This is a business issue, not a subject for legislation. Yes, it can be harmful to all parties and, yes, it should be abolished. But the industry needs to wash its own laundry.

The California legislature has better things to put on the agenda. You have a state with some of the unfriendliest business policies in the nation, healthcare costs are putting businesses out of business, Workers Comp is the highest in the nation and energy costs can go through the roof due to a muddle of regulations and limited energy-generating capacity.

I suggest that Ms. Figeroa stop running for re-election, get her nose out of the cloakroom and start tackling some of the issues impacting her constituency.

Gene Hoffman
Guest
Gene Hoffman
15 years 8 months ago

Retailers charging slotting fees remind me of actor Errol Flynn’s “operating” philosophy: “My main problem is reconciling my gross habits with my net income.” But perhaps Flynn was not alone in that philosophy.

Retailers do not become more competitive charging slotting fees since manufacturers offer them – reluctantly or willingly – to all retailers in some form and fashion. That makes the practice of slotting fees a sort of a competitive wash. Are slotting fees much different than a huge buyer pressuring a supplier for bigger volume allowances than his competitor?

Now turn the coin over. Does the manufacturer who proliferates
line extensions to pressure retailers to try to force them to give them more of their valuable shelf space for lazy sales make them more competitive? And is that why most slotting fees are paid? Thus, within our world of rationalized goodness in our competitive maneuvers, “Who is most culpable – the John or the hooker?”

Bernice Hurst
Guest
15 years 8 months ago

Perhaps the bill should be amended so that the disclosure is made publicly by the retailer. That way, customers would know which brands had bought their way onto the shelves. ‘Twould be interesting to see if any of them cared or changed their purchasing habits. It might even answer a few questions about why other products might not be stocked. Go on, let the customers really tell you what they want to buy.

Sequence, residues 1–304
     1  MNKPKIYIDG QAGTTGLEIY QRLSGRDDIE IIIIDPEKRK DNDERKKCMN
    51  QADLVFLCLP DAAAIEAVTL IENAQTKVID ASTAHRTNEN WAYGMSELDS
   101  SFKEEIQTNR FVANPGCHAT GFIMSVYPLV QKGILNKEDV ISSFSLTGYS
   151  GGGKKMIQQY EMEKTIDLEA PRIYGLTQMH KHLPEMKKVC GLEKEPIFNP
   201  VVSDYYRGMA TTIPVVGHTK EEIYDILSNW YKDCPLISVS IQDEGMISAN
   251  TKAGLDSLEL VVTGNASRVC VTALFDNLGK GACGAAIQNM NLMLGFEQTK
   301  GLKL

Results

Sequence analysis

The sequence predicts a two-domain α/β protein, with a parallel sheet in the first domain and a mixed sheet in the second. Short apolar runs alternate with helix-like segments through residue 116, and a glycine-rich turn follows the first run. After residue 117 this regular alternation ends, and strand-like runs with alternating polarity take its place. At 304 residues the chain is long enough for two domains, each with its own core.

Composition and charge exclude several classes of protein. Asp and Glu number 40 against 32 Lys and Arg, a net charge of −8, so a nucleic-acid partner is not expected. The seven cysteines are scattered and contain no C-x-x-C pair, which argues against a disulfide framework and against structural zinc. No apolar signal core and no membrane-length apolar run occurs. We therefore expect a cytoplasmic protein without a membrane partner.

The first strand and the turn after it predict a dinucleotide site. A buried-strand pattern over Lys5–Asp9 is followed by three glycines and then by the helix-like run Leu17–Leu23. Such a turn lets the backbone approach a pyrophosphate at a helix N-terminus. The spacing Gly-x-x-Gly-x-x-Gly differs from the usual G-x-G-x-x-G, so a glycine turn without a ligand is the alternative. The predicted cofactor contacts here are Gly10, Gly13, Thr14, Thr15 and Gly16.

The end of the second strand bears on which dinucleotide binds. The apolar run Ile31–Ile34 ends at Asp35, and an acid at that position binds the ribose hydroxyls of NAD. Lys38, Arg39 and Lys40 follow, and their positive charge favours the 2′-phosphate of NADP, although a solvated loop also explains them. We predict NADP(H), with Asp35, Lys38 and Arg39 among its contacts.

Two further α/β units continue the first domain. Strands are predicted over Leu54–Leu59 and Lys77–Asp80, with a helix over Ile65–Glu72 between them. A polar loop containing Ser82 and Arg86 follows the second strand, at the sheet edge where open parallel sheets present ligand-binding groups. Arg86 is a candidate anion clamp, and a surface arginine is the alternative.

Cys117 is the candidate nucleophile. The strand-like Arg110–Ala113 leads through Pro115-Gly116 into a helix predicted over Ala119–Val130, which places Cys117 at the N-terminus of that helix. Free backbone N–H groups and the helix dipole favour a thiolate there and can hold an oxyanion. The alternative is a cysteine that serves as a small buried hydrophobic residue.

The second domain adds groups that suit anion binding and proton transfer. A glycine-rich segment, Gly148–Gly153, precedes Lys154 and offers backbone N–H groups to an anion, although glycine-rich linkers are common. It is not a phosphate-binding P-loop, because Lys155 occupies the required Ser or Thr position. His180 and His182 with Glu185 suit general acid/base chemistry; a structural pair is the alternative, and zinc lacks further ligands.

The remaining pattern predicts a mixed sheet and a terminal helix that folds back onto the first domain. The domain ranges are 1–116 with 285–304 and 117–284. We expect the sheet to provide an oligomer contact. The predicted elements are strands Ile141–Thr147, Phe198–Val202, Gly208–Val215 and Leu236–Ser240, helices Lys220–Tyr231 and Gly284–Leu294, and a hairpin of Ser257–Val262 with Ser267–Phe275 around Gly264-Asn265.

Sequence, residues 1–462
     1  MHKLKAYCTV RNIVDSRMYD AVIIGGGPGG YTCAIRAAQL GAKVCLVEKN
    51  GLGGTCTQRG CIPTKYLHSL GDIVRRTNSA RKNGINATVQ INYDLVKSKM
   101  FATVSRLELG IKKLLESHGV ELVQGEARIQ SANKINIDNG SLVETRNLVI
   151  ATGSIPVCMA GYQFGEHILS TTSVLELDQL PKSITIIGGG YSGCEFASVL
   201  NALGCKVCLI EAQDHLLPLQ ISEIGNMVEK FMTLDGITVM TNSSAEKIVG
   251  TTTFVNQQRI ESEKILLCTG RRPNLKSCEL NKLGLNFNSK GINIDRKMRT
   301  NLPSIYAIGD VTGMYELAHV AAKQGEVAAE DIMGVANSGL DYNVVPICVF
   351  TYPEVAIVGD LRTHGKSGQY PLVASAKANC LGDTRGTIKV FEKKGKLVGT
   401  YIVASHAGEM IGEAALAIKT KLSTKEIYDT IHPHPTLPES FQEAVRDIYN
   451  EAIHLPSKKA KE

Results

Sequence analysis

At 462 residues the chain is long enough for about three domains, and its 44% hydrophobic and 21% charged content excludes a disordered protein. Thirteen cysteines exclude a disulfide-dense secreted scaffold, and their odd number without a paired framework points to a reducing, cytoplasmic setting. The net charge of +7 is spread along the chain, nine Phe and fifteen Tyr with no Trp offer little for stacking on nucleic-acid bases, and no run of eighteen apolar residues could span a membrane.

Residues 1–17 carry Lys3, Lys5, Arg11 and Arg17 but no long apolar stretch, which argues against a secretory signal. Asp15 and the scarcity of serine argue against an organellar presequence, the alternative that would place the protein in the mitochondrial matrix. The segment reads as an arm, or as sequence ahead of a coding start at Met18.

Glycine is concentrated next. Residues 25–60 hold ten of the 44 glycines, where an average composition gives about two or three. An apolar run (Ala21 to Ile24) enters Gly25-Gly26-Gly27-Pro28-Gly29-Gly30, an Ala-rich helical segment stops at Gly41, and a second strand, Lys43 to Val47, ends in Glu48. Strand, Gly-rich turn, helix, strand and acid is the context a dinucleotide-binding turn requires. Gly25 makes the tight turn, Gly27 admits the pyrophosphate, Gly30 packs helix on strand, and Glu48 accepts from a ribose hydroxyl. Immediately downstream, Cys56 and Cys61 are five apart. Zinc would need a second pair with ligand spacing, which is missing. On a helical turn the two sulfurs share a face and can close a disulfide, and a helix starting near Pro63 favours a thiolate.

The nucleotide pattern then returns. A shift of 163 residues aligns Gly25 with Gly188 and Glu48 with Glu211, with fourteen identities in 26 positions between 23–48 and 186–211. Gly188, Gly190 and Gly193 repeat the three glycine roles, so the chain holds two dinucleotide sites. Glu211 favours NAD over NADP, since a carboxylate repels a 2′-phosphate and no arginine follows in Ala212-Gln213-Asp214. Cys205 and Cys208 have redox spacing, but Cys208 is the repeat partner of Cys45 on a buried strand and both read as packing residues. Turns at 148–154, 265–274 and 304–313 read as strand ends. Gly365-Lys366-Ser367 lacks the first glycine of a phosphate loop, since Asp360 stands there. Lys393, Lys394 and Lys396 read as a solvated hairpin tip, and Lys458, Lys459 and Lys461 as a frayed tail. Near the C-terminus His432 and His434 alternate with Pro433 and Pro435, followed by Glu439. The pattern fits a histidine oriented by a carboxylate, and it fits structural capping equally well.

Franklin Benson
Guest
Franklin Benson
15 years 8 months ago

Slotting fees account for the entire net profit margin for many of the retailers out there. I can’t see them going away just because a disclosure of the amount will be required.

It might be heresy for me to say this, but I don’t see them as all bad. As a supplier, it would be nice to have some guaranteed shelf space in return for an upfront fee.

Without slotting fees, the guarantees that the retailer won’t drop the supplier’s shelf space also disappear. If this legislation was intended to help suppliers, I don’t think it was fully thought through. If it was intended to help consumers, I can see that it is well-intentioned since it drives upfront costs out of the system, but I think it will backfire since it will increase the risk exposure (which, ultimately, is just another kind of cost) for suppliers.

Irwin Katz
Guest
Irwin Katz
15 years 8 months ago
I have been in the consumer products marketing arena for over 40 years with both small and large companies primarily in the HBC category. For the past 15 years I have been consultant to over 40 companies, most with excellent products that would benefit consumers, but have struggled because of slotting fees. Back in the 60’s and 70’s, entrepreneurs could introduce products with limited funds, most of which went into cost of goods and advertising. Today, cost of goods haven’t changed radically but advertising funding has because slotting has depleted these dollars. Therefore, many new products, in which the small manufacturer paid these slotting fees, have not had proper funding to sell through their products to the consumer because of the lack of ability to deliver an adequate advertising noise level. The end result is the consumer looses out on a quality product, the retailer is disenchanted with the products performance and eventually discontinues the item. As the congressional committee heard in 1999, Wal-Mart has proven that you don’t need slotting allowances to make money.… Read more »